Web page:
Pack order mentality

When two dogs are put in a new situation to live with each other, they will go through a process to establish pack order. This is a vetting process for each dog to figure out where they stand in the home. 


Five ways to help your two dogs adjust to each other quicker

Five ways to help your two dogs adjust to each other quicker

Show preference to your older dog.

It is important for your older dog to still know that their owner values them. Setting aside time for just one-on-one time with your older dog is important. 

Take them for walks by themselves and occasionally play fetch without the new dog. Show them it is still their home as well.

Take part in activities together.

After you have given your older dog time to understand they are still a part of their home, slowly start to have both the old dog and new dog take part in activities together. 

Keep a close eye on them, in the beginning to make sure they are acclimating well. Going for walks is an excellent way for the two to bond. 

Playing catch with both can be fun for both, only if one dog isn’t too aggressive when playing. 

Separate food and water bowls.

This is an important example of giving both dogs a chance for success. Don’t set your dogs up for failure by putting them in uncomfortable or conflict situations. 

Eating is an extremely important time for dogs, and they need to know they have a designated area during meals. 

Interesting READ  Should I Wake My Puppy Up To Eat?

Keeping food and water bowls separate makes both dogs relax and understand that this bowl of food is for them specifically.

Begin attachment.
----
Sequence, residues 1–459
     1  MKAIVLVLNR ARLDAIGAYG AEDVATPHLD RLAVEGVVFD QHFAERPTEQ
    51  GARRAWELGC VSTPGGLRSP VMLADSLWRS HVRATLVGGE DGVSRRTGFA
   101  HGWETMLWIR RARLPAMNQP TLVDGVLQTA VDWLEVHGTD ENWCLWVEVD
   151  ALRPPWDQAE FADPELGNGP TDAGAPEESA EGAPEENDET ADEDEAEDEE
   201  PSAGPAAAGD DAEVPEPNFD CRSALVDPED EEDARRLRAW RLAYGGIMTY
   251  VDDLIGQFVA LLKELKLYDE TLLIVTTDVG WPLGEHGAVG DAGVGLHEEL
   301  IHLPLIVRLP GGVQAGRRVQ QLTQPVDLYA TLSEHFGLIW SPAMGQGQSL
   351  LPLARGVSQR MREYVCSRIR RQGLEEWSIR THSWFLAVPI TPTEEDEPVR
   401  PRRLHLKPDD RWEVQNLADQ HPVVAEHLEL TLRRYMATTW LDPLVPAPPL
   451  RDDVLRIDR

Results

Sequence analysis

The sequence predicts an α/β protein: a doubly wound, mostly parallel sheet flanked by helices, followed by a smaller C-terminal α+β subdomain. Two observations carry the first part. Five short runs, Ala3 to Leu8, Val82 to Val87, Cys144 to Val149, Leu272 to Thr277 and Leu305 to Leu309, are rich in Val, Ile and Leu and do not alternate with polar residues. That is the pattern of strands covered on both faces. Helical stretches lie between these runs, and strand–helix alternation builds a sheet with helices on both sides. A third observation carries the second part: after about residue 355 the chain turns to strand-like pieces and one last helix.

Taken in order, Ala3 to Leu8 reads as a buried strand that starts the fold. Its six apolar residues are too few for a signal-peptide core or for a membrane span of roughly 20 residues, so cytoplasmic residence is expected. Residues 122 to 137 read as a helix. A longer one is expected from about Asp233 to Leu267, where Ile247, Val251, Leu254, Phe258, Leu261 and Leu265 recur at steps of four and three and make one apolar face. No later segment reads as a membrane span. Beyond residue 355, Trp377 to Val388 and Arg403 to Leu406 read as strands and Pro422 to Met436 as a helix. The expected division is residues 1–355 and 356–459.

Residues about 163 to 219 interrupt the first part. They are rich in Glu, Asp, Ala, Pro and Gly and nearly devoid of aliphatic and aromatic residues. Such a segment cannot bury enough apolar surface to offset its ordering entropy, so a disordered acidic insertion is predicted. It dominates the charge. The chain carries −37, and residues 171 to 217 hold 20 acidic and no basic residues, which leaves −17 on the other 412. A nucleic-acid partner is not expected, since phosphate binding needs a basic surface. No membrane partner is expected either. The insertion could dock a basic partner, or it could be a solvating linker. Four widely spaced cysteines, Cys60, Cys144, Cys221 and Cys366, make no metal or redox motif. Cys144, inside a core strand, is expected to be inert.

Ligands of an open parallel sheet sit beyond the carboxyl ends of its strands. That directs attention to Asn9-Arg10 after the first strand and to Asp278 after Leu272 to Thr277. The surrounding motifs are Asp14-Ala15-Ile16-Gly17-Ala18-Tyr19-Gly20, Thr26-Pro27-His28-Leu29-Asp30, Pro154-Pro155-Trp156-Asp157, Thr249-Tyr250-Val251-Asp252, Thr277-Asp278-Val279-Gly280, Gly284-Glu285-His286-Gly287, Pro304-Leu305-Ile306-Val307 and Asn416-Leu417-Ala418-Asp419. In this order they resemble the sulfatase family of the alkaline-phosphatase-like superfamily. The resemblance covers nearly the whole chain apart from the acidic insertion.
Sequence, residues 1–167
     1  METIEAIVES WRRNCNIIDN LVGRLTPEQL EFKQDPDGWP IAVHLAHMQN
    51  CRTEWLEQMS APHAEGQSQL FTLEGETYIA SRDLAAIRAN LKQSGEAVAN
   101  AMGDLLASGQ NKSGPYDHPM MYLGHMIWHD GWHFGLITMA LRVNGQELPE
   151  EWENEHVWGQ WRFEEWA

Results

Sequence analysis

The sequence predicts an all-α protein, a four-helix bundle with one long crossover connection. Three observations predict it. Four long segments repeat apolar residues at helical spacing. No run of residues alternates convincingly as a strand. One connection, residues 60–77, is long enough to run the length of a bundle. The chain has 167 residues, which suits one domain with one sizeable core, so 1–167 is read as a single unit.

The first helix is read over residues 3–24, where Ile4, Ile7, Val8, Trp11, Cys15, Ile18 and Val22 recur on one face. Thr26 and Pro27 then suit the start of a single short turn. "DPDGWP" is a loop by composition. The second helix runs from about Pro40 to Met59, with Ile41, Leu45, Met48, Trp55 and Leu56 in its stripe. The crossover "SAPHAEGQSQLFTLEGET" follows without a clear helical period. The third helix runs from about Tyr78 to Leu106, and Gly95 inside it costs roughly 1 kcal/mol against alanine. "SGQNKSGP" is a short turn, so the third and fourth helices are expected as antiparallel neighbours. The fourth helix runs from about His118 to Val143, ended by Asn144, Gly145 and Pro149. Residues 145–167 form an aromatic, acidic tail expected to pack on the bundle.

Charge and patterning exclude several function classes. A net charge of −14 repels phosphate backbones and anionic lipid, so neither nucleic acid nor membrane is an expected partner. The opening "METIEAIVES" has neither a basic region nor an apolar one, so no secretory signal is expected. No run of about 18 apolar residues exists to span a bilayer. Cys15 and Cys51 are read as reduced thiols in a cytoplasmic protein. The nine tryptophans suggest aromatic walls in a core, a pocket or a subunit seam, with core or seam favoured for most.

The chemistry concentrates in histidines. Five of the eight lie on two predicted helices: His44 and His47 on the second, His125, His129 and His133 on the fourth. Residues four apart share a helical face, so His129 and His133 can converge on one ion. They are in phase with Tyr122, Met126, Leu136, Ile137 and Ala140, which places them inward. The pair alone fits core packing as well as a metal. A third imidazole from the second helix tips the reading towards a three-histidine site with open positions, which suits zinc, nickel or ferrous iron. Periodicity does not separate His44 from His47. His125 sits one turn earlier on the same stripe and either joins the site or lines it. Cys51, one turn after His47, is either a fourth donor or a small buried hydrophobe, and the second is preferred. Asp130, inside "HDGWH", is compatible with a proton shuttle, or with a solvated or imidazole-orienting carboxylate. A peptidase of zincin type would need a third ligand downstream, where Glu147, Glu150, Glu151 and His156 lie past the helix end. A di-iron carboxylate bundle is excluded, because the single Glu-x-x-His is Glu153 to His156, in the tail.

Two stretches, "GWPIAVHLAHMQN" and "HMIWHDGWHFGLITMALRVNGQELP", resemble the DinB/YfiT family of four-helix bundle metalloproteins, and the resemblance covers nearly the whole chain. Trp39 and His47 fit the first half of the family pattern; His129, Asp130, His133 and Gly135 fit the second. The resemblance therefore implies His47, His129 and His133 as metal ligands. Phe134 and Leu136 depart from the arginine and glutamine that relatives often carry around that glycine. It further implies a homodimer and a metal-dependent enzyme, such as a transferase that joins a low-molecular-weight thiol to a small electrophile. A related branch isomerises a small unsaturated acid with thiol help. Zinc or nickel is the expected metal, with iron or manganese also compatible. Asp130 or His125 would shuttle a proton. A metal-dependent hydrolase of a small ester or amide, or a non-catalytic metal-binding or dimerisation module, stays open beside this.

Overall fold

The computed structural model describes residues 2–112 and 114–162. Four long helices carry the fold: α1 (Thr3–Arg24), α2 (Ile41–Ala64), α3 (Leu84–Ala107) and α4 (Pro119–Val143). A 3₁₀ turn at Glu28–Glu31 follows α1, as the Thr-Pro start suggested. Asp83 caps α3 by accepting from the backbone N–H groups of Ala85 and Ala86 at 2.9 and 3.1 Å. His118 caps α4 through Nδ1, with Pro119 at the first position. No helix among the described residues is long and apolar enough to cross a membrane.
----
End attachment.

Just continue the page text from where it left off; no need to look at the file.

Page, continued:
Spend time apart from each other.

Another important way for both dogs to adjust to living together is giving each their own space. Just like when you first meet someone new, you don’t spend every waking second with that person. 

You need your own space, and dogs are no different. This point is magnified when a new dog moves in. 

Both dogs have to share a new environment with a completely new dog, and this takes time. As discussed earlier, setting your dogs up for success means giving them space to figure things out. 

After spending time together, put them in different parts of the house and give them both some one-on-one attention. This will help both understand they are a part of the household.

Exclusive toys for each dog.

This is like giving your dogs their separate food bowls. A dog’s toy is their tiny claim to ownership. It can serve as an important emotional bond. 

This type of bond can be sensitive, and seeing that special toy being “taken away” by another dog can lead to problems. 

Letting your older dog have their original toys to themselves exclusively is important to them understanding that they haven’t lost their spot in the family. 

Buying your new dog their own separate toys will not only keep them away from the older dog’s toys but give them their own feeling of ownership.


What to do if your dogs never adjust?

What to do if your dogs never adjust?

Bringing a new dog into your home to share with your existing dog is a bigger commitment than most realize. Keep in mind patience is the number one trait for making this transition. 

It may take your dogs weeks or months to learn how to live with their new housemate.

Being aware and utilizing all the different ways to make your dogs comfortable during this period. Training may be an essential tool that is needed to get your two dogs to live with each other peacefully.

It is rare for most dogs to not be able to live peacefully with another dog. If owners have put in the correct time and raised both dogs correctly, they should come around. 

Understanding the length of time and patience that is needed for this move is important to understand. 

If months have gone by and both your dogs still can’t live peacefully with each other, it may be time to consider moving out your new dog. 

This should be a last resort as it’s not fair for the new dog to bounce them to two new homes in a short period of time.

Professional training should be a necessary avenue to take before moving on from your new dog. 

Lastly, through proper training, patience, and using techniques mentioned above, odds are the transition from a one-dog to two-dogs household should eventually work.